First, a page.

CDC: Flu Hits Epidemic Level; Tips for Protection

The current flu season has hit epidemic levels nationwide based on year-end data from Florida and other states, according to the U.S. Centers for Disease Control and Prevention (CDC).

“The 2014-15 flu season is in full swing in Florida,” according to a Florida Department of Health statement. “Influenza activity continues to increase nationally.”

The CDC’s assessment of an “epidemic” flu level is based on reports of high rates of “influenza-like illness” from Florida and 21 other states for the week ending Dec. 20. Those high-level flu reports from 22 states is up from only 13 states reporting high levels of flu illnesses the previous week, according to the CDC.

“At Baptist Health, we are seeing higher numbers of patients with flu-like symptoms coming into our hospitals, urgent care centers and primary care offices during the last few weeks,” said Tomas Villanueva, D.O., medical director for Baptist Health Medical Group. “Our holidays were pretty busy.”

In using the term “epidemic level,” the CDC upgraded an early December statement forecasting that the 2014-2015 flu season could be “severe.” At that time, federal health officials also said that much of the influenza virus already in circulation has mutated and is affecting even those who have had their flu shots.

Nonetheless, CDC urges immediate flu shots for anyone still unvaccinated this season. The CDC also recommends prompt treatment with antiviral drugs for people at high risk of complications from the flu. Proper hand washing is also important tool in the battle against the flu.

“It’s important now more than ever for adults and children to practice proper hygiene,” said Barbara Russell, R.N., director of Infection Prevention and Control Services for Baptist Hospital. “The most common way that the flu and enteroviruses are spread is by people coughing into their hands and then shaking hands, or by leaving germs on hard surfaces where someone else can get them on their hands.”

Here are other tips:

  • Avoid touching your face, especially your eyes, mouth and nose, which are openings in which the virus could enter, Dr. Villanueva said.
  • Use liquid hand sanitizers if you do not have access to soap and water, especially if you feel as if are coming down with the flu or have been exposed to the flu virus.
  • Avoid hand-to-hand greetings.
  • “Try fist bumps and elbow-to-elbow nudges. That’s far safer than handshakes at this time of the year,” Dr. Villanueva said.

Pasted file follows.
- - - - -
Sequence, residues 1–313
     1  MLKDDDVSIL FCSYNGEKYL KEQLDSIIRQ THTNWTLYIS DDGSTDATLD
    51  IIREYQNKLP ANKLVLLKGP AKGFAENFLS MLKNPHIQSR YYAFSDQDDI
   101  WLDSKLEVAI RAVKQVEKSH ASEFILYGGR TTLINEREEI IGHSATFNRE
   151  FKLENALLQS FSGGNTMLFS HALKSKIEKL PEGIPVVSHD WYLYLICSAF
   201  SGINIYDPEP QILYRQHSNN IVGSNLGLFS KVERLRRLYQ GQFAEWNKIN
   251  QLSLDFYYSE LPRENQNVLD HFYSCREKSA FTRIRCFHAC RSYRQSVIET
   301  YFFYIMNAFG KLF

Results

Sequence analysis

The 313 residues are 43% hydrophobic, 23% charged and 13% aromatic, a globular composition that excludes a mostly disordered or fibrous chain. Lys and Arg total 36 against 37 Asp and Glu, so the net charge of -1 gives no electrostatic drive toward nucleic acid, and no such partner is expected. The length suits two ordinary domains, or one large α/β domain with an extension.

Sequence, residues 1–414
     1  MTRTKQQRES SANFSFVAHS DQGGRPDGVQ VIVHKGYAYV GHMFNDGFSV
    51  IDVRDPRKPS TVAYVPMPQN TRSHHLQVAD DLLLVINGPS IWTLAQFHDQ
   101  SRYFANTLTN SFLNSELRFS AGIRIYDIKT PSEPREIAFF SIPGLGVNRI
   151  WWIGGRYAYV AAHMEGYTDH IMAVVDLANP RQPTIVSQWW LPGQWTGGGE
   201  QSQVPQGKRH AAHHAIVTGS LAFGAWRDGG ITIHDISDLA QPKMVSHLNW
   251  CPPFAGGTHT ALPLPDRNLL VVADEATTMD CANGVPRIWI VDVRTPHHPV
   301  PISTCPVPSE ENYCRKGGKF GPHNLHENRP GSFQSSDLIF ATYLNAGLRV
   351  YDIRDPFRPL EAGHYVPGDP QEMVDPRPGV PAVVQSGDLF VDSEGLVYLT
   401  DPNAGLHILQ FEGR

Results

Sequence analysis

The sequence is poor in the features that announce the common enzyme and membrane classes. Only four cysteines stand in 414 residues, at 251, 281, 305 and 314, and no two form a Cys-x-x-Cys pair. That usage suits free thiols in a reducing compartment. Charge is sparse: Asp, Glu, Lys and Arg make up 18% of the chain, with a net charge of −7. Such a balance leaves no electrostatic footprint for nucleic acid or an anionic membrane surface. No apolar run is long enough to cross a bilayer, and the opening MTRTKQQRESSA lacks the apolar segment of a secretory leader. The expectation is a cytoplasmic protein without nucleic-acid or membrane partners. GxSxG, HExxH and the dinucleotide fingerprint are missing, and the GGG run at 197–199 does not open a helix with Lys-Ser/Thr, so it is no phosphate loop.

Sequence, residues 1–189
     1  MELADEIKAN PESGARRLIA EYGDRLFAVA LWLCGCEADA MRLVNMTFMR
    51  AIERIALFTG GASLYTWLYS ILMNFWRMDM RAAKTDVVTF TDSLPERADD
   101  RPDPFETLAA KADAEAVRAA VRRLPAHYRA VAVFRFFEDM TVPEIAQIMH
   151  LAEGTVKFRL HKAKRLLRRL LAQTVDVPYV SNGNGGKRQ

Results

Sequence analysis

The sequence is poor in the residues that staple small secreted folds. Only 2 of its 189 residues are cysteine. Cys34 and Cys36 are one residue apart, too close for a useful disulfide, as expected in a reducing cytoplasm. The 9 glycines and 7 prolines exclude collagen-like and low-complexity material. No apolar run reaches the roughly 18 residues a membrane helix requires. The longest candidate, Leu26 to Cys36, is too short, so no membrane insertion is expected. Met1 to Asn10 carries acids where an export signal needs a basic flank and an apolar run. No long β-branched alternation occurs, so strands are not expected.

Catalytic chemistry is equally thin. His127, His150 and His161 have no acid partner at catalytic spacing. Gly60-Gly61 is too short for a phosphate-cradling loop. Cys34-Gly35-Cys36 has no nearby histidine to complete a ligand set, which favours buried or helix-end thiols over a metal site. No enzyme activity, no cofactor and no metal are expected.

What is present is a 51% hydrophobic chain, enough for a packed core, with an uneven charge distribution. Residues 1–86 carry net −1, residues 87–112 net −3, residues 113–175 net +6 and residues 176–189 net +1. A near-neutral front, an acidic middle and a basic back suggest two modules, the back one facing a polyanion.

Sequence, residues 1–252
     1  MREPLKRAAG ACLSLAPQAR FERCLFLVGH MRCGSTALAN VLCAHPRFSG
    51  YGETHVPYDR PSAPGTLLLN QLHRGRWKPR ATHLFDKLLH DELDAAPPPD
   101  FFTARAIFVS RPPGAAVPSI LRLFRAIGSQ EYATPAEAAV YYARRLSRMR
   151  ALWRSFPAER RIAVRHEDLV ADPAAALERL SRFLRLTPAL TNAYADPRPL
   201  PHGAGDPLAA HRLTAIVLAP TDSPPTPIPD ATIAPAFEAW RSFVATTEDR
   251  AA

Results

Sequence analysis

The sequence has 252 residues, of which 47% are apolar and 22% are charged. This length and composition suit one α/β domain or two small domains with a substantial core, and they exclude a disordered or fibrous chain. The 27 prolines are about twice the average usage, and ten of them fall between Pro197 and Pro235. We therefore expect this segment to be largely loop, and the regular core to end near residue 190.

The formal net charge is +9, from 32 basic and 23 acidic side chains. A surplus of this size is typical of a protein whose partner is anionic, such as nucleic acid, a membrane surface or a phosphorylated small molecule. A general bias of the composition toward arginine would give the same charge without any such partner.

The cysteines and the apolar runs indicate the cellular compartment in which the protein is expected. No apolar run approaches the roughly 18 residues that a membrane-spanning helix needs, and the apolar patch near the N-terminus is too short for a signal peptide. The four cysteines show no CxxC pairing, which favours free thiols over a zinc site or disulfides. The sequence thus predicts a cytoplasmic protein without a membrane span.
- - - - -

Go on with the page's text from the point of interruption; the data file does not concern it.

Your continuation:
The flu is as an upper respiratory disease or infection that is caused by different strains of the influenza virus.  Every year 15 percent to 40 percent of people in the U.S. develop the flu, which causes about 36,000 deaths and 114,000 hospitalizations due to the flu or complications linked to the flu, according to the CDC.

    In Florida, state officials have reported “widespread influenza activity,” for three consecutive weeks, including the last week of the year. The majority of counties in the state — 39 of the 67 counties — have reported increased flu activity.

    “People age 65 years and older, people of any age with chronic medical conditions, and very young children are more likely to get complications from influenza,” according to state health officials.

    Emergency Department (ED) visits linked to flu illnesses have also increased statewide, according to Florida Health officials.  A  higher-than-anticipated number of pregnant women in Florida are seeking emergency care because of the flu

    “There continues to be increased levels of influenza in pregnant women presenting to EDs for care that is above expected levels for this time of year. Pregnant women are among those at high risk for severe complications due to influenza infection,” according to state health officials.

    Healthcare that Cares

    With internationally renowned centers of excellence, 12 hospitals, more than 27,000 employees, 4,000 physicians and 200 outpatient centers, urgent care facilities and physician practices spanning across Miami-Dade, Monroe, Broward and Palm Beach counties, Baptist Health is an anchor institution of the South Florida communities we serve.

    Language Preference / Preferencia de idioma

    I want to see the site in English

    Continue In English

    Quiero ver el sitio en Español

    Continuar en español